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Authors: Clayton Emery

Sword Play (11 page)

BOOK: Sword Play
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“Split!” Dorlas refused to play their way. Clambering one-handed, he scrambled like a brown spider to the left. Sunbright propped his bow—he was out of arrows—drew Harvester, and swung right.

The Neth paused at such canny prey. In that second, Dorlas leveled his crossbow from six feet away and pulled the trigger. His eye was good. The bolt slammed the spear wielder just below the hip at a juncture of the armor plates. A squeak rewarded him; he’d hit flesh.

At the same time, Sunbright flummoxed the whirling flail by simply thrusting Harvester straight out. Steel screaked a protest as the flail’s chain wrapped around and around the harder sword blade. Then came a grim tug-of-war, as the huntsman leaned to yank back on the long flail handle. Sunbright let him haul, then helped him out by stepping sideways and lashing out with an iron-reinforced boot. The armored man, already unsteady on hidden rocks and crushed leaves, let go of the flail to grab for balance. He caught only the tip of a cedar, which bent like a lily, and he pitched to crash on his side. Sunbright jumped after him, took careful aim for another armor chink, and stabbed down with Harvester …

… but leaped backward as a golden flash blotted the sunlight.

A hiss like an iceberg dropping into the sea roared by his hand. As the barbarian crunched amidst fragrant leaves and lumpy rocks, a searing blast of cold scorched the ground. Vines, a tree, the legs of the fallen huntsman, all were blasted a harsh, glistening white. Then the dragon rider with his deadly lance had swept on. Sunbright clambered up to strike at the Neth, but he levered himself off the rocks with his hands—his legs couldn’t move—and tumbled headlong down a rock face to crash like a crate of dishes ten feet below.

Dorlas grappled with the spear wielder. He’d dropped his crossbow, crowded inside, locked the spear in his armpit, and now hammered with a stony hand on the end of the bolt to drive it deeper. The plagued huntsman strove to push the dwarf aside and dodge his punishing hand and was still backing off when Sunbright tripped close, took a short chop, and slammed Harvester’s blade at the base of the Neth’s helmet. The sword came away bloody, and the huntsman dropped.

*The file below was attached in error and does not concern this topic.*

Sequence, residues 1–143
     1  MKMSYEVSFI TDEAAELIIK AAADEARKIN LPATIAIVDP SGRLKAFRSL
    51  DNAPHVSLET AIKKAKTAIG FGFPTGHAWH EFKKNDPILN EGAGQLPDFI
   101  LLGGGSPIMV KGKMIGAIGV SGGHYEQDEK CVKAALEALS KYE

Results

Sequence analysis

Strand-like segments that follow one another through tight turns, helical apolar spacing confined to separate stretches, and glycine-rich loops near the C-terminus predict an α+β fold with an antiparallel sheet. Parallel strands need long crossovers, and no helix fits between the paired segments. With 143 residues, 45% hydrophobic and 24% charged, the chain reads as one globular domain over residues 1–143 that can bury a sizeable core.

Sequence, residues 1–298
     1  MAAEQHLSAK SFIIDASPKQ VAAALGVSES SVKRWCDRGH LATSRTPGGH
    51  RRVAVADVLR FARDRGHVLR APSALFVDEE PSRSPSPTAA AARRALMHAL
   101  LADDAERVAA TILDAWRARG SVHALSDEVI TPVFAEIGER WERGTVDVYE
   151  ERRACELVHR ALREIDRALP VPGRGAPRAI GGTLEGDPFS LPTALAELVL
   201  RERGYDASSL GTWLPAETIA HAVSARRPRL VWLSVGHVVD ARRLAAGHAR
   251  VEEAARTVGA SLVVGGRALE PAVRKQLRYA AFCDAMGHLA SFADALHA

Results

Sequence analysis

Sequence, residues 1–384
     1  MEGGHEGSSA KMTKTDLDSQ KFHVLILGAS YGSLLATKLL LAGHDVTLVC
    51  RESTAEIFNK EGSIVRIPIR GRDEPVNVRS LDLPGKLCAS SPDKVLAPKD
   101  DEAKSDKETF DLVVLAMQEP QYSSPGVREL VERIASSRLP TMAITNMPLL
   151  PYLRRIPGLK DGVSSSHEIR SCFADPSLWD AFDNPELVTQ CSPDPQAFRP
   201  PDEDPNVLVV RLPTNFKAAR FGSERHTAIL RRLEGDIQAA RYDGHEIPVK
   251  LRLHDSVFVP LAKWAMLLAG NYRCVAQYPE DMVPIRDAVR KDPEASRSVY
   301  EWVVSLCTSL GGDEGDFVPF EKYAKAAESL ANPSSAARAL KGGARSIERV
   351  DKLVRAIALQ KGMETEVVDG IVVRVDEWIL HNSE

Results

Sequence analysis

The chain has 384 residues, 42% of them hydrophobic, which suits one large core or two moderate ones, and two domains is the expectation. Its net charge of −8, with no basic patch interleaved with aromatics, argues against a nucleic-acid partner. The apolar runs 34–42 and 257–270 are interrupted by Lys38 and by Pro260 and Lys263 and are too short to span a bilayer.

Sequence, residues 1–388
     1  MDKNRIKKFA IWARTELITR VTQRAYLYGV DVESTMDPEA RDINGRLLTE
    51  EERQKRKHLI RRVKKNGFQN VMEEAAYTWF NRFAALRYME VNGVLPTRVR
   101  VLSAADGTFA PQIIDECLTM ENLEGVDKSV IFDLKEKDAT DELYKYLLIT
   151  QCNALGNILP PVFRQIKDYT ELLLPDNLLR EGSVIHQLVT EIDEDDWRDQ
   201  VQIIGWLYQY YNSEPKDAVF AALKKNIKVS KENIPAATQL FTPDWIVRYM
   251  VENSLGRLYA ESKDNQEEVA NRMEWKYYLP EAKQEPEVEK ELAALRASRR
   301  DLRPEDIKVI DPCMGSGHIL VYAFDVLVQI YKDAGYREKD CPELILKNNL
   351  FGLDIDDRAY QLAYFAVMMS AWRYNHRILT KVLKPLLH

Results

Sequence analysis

But there was no time for congratulations. “Jump, boy!”

Without looking, Sunbright jumped as a fire flashed in the spot where they’d stood. The flying bird hovered not seven feet high, its rider’s lance lipping flames like a water pipe. The barbarian landed, sprawling against the same rock face where the half-frozen huntsman lay. The Neth raised a hand, either for succor or attack, Sunbright didn’t try to divine which. Slinging Harvester, he stabbed the man’s armpit, shearing chain mail and knocking him flat. There was no time for a second blow, for a dragon rider swept at him. The rabbits had indeed been flushed, at the cost of two huntsmen.

Pelting over slippery rocks and ducking cedars, arms pumping, Sunbright raced around the ledge, flames kissing vegetation just behind him. Ahead he saw a long-limbed oak that leaned far enough to almost touch the rocks, and he dove headlong for the space underneath it. Flames licked his legs as he bounced into the tree’s shadow, but he knew he was safe: the dragon rider couldn’t follow here.

Spinning, he looked and listened for his companions, wondered how short-legged Dorlas fared. He hoped the dwarf had fled to the left.

Continuing right, under the brief shelter of the trees, Sunbright mounted the rocks, then paused, sniffing. The fuggy, wet-dog stink of a bear came to him. Above a narrow shelf, he saw the cave. It was not too high, though he’d have to duck double to enter, so perhaps the bear wasn’t that big. He debated gathering the others and sheltering inside, then dismissed the idea. With those lances, the dragon riders could squirt fire and lightning and cold inside and roast, crisp, and freeze them all at the same time. And the humid odor of bear was strong; the animal might still be inside, despite a fine day for hunting.

And from above came the clash of steel. He bypassed the cave, grabbed vines, and climbed.

It looked bad.

Near the top of the outcrop was an abrupt shelf a dozen feet square. Somehow Greenwillow and two other bodyguards had been herded onto it by the paired huntsmen. Probably the elf had risen naturally, since high ground was always valuable, making it hard for the enemy to strike you, easier for you to cut down on them. But with enemies that swooped from the sky, it was a disastrous choice. Even as Sunbright climbed, he saw a bird-mount drop like a stone, halt nine feet up, and then its rider stabbed with a lance. One of the bodyguards was shocked with lightning and dropped her sword. The cracking lance pinned her through the gut like a butterfly, hoisted her a dozen feet, and dropped her down with a force sufficient to break her legs.